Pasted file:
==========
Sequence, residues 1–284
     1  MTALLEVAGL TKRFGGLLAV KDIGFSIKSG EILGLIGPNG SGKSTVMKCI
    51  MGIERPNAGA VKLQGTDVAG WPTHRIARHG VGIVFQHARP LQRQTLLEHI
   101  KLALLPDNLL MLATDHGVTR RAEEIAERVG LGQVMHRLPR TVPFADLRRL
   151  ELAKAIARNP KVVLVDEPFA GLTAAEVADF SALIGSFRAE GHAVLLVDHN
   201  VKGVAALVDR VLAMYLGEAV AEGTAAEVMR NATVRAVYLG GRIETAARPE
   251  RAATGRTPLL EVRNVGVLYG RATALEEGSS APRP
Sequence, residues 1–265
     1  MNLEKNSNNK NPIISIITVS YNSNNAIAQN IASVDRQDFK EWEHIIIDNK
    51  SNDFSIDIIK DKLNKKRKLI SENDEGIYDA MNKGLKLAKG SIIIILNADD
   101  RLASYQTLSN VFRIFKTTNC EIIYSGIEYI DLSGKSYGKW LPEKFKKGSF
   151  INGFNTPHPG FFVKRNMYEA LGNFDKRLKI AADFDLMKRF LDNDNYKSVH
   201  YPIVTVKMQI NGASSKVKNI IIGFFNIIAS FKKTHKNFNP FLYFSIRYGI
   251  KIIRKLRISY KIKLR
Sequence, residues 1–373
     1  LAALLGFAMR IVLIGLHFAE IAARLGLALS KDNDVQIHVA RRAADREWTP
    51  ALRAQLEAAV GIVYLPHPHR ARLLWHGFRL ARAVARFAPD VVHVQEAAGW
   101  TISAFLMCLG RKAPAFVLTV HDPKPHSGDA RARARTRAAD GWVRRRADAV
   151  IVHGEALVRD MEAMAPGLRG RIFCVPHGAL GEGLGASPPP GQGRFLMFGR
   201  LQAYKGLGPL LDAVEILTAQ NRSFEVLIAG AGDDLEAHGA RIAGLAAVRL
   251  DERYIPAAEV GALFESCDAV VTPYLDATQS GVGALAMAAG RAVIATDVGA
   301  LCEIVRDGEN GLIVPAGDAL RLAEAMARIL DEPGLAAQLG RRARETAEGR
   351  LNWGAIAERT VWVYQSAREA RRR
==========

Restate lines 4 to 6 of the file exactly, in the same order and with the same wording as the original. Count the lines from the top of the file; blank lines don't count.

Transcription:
   101  KLALLPDNLL MLATDHGVTR RAEEIAERVG LGQVMHRLPR TVPFADLRRL
   151  ELAKAIARNP KVVLVDEPFA GLTAAEVADF SALIGSFRAE GHAVLLVDHN
   201  VKGVAALVDR VLAMYLGEAV AEGTAAEVMR NATVRAVYLG GRIETAARPE